Number of People Accessing Mental Health Services Has Surged During Lockdown
Kiwis are already turning to online mental health services to cope with lockdown, said Charlie David, general manager of online mental health charity Just a Thought.
Daily registrations had doubled in the first two days of lockdown for Just a Thought's online courses aimed at helping people experiencing anxiety and low mood.
This mirrored new research that showed a whopping 630 percent increase in people accessing its courses, and a 185 percent increase in people signing up for help with anxiety and depression, during New Zealand’s first extended lockdown in 2020 - in a study published by Just a Thought and the Australian tool This Way UP.
‘It's normal to feel stress and anxiety during Covid alert levels,’ said clinical lead Anna Elders. ‘It’s a time of real uncertainty for people, and our brains struggle to adjust to all the changes in routine and the necessary restrictions.
‘When we're faced with any situation that carries a sense of uncertainty and risk, we feel anxious and begin to experience the different symptoms of the fight-or-flight response. Delta certainly presents a greater set of challenges for us, so it’s normal for people to experience higher levels of anxiety at this time.
‘Anxiety can be a good thing if it helps to motivate us to reduce the danger we’re facing. As a nation, we’ve been really good at cooperating, staying at home and locking down, to overcome the Covid threat.
‘But the fight-or-flight response also creates heightened distress and anxiety. We experience higher levels of stress than usual and can feel less able to cope,’ added Ms Elders. ‘Then there are the real challenges like having the kids home all the time or losing income. Or, if you live alone, it’s very normal to experience lower moods when you're having less contact with others.’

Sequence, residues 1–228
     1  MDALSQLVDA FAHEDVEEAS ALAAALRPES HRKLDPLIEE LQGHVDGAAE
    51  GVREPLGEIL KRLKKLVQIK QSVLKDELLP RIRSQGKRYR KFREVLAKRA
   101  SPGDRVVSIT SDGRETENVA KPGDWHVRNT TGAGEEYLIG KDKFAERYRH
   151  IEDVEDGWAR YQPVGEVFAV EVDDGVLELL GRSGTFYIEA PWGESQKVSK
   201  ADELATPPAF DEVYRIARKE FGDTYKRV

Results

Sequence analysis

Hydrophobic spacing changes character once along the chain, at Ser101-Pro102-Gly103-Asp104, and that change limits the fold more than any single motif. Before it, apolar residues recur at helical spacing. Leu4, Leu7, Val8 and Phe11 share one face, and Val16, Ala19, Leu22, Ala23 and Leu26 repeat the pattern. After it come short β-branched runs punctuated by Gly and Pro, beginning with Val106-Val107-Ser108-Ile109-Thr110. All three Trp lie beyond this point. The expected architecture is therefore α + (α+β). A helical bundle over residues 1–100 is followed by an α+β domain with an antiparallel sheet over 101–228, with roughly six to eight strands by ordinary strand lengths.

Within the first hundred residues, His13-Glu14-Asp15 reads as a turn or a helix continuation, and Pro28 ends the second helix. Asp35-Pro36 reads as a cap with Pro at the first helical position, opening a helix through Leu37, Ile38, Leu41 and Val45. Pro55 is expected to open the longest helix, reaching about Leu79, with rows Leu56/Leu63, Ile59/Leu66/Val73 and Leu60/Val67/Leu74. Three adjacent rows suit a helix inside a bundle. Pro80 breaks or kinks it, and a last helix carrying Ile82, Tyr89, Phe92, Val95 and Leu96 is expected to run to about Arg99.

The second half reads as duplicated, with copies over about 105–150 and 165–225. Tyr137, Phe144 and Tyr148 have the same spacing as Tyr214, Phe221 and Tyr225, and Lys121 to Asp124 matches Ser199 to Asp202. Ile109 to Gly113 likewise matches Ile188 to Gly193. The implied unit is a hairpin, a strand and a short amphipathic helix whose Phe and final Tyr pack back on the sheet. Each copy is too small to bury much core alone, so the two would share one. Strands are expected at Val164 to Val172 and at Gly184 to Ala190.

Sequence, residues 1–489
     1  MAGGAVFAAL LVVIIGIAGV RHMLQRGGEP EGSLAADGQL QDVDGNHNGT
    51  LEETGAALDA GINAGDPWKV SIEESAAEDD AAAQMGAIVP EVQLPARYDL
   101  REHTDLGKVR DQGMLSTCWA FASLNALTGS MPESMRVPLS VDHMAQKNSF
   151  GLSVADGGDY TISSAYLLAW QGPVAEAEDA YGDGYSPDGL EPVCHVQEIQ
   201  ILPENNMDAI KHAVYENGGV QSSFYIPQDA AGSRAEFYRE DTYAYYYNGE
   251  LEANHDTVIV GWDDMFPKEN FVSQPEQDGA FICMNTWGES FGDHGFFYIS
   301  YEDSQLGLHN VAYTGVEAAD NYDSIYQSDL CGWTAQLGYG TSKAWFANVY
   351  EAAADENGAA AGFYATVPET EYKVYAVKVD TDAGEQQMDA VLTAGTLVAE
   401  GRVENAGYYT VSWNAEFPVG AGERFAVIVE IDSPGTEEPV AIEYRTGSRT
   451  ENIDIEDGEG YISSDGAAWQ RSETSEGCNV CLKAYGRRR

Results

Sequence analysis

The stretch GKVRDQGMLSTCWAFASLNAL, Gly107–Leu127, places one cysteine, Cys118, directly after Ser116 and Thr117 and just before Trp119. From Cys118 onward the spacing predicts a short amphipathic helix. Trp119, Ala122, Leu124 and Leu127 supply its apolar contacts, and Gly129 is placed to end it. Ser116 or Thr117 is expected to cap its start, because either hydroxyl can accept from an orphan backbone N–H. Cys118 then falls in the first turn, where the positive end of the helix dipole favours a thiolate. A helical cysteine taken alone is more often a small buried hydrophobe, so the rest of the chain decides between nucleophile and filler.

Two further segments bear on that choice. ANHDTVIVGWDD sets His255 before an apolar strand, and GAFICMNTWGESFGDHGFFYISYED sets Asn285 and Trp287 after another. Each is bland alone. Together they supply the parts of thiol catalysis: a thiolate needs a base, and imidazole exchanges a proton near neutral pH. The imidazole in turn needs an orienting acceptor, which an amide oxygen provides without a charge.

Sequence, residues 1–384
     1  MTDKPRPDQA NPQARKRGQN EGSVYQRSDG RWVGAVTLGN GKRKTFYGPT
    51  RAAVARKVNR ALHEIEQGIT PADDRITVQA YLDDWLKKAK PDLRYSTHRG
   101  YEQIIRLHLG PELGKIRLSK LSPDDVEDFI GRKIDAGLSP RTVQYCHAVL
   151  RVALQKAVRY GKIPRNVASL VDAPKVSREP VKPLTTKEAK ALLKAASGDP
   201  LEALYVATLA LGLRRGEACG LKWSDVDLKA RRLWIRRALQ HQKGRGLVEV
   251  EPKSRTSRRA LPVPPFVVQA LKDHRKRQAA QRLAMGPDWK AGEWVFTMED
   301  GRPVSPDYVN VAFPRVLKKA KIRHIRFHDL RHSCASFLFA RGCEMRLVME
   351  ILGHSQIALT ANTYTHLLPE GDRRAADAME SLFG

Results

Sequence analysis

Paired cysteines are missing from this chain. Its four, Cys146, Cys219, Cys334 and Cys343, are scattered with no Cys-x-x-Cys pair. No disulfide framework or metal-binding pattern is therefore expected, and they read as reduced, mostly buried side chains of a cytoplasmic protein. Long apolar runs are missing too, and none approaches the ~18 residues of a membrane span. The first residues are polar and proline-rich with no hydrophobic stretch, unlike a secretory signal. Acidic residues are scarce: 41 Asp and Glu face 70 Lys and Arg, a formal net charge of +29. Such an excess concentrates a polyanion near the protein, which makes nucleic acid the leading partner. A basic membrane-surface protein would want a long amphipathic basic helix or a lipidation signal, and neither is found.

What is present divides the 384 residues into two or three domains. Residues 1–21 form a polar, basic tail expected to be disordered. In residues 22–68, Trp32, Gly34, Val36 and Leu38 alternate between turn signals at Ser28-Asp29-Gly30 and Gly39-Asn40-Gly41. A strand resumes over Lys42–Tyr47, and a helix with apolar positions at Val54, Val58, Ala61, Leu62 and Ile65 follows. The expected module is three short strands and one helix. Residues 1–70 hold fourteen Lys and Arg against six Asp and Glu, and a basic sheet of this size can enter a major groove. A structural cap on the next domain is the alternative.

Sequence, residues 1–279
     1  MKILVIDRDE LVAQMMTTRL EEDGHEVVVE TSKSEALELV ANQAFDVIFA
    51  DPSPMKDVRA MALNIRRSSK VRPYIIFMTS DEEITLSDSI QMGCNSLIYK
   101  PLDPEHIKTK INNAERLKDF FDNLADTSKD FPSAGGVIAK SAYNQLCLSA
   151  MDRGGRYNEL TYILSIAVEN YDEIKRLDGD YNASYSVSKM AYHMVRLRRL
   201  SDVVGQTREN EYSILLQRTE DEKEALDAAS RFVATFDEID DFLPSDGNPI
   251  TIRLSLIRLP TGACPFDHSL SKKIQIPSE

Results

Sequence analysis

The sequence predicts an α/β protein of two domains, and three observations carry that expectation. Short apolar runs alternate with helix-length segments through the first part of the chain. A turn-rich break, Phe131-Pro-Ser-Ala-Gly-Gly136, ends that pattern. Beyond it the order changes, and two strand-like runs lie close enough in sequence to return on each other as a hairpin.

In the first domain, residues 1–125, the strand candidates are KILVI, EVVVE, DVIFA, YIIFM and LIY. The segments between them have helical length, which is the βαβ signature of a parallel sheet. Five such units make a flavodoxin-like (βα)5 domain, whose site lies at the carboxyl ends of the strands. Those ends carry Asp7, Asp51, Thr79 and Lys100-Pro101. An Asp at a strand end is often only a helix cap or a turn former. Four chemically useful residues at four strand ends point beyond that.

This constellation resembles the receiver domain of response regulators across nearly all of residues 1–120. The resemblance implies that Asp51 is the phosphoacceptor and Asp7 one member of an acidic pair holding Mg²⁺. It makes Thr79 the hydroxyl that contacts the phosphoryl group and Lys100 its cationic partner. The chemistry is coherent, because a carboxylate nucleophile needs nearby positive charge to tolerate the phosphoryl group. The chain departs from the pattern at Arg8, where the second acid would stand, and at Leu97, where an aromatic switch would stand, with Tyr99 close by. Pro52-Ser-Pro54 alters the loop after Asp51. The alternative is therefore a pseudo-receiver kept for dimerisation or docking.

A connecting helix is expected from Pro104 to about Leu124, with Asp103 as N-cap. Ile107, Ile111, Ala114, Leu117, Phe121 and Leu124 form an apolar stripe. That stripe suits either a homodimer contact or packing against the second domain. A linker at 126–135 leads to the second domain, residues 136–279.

Ms Elders believed the surge in people seeking help with mental health was good news. ‘It means New Zealanders are wanting to look after themselves and are really changing the mental health conversation. We all need skills to manage stress, anxiety and low mood - because those are things we all go through. I think Kiwis now know that we need to look after our mental health, just like we do our physical health. And that’s even more important in lockdown.’
In just under two years since launching, over 30,000 Kiwis had registered for Just a Thought’s free therapeutic courses.
In response to the Alert Level Four Just a Thought will launch a new free course to teach skills for people dealing with mixed anxiety and depression. ‘People don't necessarily fit into boxes when it comes to mental health,’ said Mr David. ‘This course is such a useful tool for anyone during lockdown because you get the same skills as seeing a therapist face-to-face - but it’s free, there are no waiting lists, and you can do it from home.’
For the full Covid Mental Health Research Report go to: https://doi.org/10.1016/j.invent.2021.100439